Posted by: Rob Hof on January 3, 2008
Uberblogger Robert Scoble’s Facebook account has been suspended for his use of a service from contact-management firm Plaxo that combed through his 5,000 (yes, 5,000) Facebook “friends” for emails and other info. (Update: Now his account has been reinstated, and he has a video outlining his take.) He’s bitching about it, criticizing Facebook for not allowing access to his data.
If it were all his data, he might be justified. But as a number of people, such as Mike Arrington, Nick Carr, and Jeff Jarvis, are pointing out, it’s not all “his” data. It’s data from other people who friended him, and clearly a lot of those didn’t sign up for Scoble (or Plaxo) to vacuum up their information for any other use. Not to mention it violated Facebook’s stated terms of service.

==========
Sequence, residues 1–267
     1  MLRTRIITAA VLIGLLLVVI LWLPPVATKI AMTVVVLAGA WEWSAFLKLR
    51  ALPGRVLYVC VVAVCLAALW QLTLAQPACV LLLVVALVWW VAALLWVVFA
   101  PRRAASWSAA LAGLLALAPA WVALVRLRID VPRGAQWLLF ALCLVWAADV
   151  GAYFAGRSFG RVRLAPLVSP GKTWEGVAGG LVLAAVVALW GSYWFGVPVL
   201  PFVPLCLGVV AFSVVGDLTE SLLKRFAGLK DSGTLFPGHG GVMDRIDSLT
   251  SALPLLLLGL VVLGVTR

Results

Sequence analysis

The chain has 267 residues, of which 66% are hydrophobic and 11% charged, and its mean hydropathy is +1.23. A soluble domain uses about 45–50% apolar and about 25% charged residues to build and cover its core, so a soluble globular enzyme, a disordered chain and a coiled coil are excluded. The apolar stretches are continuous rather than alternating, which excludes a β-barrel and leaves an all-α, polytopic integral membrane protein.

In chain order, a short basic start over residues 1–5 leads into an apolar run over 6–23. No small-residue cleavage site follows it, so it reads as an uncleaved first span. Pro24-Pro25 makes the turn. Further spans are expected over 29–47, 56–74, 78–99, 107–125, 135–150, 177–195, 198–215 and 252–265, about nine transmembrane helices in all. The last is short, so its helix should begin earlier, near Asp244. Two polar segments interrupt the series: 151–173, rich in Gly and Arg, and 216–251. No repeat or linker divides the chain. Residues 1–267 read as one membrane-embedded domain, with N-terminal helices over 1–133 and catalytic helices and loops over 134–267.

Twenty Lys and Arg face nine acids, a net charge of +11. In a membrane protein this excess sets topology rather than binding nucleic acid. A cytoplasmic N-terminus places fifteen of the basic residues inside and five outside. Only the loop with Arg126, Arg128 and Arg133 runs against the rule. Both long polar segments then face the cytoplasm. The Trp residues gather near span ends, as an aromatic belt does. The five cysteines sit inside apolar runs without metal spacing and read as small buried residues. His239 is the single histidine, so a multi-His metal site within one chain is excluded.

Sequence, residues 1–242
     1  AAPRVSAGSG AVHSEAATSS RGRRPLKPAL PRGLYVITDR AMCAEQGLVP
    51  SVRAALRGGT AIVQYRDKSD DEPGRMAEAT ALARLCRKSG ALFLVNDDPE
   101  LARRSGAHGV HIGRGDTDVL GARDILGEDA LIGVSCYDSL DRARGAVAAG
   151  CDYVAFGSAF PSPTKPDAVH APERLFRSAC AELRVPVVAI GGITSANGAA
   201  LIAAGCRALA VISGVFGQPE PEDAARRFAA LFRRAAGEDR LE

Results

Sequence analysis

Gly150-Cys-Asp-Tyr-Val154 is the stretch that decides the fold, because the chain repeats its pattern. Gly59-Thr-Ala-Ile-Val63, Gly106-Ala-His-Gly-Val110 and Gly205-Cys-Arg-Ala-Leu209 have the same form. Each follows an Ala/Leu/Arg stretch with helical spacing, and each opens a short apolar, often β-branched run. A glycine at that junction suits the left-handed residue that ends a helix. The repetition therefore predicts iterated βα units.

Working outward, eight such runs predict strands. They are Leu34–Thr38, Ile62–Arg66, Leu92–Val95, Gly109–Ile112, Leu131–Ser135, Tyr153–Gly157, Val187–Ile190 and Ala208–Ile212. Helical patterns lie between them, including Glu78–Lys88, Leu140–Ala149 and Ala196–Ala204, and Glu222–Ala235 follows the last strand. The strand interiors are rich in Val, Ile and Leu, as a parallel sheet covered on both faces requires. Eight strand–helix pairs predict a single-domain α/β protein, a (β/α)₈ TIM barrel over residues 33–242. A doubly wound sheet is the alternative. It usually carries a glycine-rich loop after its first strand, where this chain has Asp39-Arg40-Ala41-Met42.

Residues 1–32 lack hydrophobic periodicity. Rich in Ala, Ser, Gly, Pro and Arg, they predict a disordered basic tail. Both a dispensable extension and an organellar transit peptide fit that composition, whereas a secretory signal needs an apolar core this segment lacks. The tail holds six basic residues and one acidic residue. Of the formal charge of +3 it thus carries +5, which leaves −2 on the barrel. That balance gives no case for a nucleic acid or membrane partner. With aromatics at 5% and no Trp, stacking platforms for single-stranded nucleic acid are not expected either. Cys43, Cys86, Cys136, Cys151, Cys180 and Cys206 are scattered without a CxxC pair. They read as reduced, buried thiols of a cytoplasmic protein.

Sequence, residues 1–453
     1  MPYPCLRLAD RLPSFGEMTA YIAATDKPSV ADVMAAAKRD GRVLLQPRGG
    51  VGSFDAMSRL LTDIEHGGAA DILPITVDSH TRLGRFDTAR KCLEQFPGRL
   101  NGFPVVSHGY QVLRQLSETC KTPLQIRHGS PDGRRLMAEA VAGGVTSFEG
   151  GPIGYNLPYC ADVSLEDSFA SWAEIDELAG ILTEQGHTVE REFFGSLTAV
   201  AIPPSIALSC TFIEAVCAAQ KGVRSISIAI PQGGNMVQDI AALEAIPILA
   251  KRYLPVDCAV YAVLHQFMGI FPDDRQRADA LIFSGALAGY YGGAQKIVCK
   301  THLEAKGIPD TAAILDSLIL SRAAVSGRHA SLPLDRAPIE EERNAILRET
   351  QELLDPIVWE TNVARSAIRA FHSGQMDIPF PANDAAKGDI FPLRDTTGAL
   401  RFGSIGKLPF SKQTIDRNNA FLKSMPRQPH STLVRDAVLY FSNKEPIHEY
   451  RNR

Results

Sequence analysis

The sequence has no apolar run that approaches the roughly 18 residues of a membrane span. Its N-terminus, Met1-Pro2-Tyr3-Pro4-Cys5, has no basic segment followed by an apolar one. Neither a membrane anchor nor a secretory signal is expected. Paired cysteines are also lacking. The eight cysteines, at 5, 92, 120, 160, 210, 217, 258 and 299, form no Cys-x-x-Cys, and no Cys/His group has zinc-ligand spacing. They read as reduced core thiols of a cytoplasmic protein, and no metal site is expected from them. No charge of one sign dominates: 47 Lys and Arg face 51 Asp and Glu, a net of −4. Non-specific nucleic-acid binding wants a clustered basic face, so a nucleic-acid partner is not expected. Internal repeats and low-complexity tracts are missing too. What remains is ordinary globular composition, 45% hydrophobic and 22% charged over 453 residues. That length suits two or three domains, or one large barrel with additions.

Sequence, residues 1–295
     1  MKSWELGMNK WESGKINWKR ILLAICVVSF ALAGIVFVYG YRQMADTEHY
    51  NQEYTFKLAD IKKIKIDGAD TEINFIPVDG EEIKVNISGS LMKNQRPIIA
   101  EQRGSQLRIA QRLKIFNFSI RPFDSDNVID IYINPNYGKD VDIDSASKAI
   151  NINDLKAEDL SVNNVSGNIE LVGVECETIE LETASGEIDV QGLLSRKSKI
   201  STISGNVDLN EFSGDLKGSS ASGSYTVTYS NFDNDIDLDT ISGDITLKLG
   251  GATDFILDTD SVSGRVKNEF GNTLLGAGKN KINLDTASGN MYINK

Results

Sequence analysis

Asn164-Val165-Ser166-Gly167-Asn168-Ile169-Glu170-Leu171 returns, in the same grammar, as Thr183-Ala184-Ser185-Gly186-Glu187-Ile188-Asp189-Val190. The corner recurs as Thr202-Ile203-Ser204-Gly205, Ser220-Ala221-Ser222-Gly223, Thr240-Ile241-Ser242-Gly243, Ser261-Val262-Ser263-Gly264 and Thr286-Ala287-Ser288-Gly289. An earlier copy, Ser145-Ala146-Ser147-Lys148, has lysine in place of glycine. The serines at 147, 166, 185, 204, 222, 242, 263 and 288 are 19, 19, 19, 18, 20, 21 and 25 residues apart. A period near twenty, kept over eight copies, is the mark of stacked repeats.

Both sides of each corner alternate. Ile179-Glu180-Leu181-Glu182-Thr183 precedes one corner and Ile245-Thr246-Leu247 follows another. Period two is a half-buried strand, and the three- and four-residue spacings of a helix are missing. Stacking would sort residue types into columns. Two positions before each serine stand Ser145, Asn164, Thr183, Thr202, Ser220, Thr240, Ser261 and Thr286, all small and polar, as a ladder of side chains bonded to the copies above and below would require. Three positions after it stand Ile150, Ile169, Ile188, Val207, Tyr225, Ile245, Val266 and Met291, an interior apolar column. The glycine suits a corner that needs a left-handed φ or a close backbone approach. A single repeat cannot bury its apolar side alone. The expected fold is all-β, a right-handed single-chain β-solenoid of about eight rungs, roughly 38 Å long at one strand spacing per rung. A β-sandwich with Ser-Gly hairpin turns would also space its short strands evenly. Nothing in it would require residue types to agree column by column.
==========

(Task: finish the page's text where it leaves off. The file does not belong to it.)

The larger problem here is that social networks are inadvertently exposing a lot of implicit social contracts people make when they reveal information online. This is just the latest, and it won’t be the last. Every new social feature on the Web will be a minefield until Web services companies start to understand these social contracts and work within them instead of assuming they somehow don’t apply on the Web. Clearly, they do.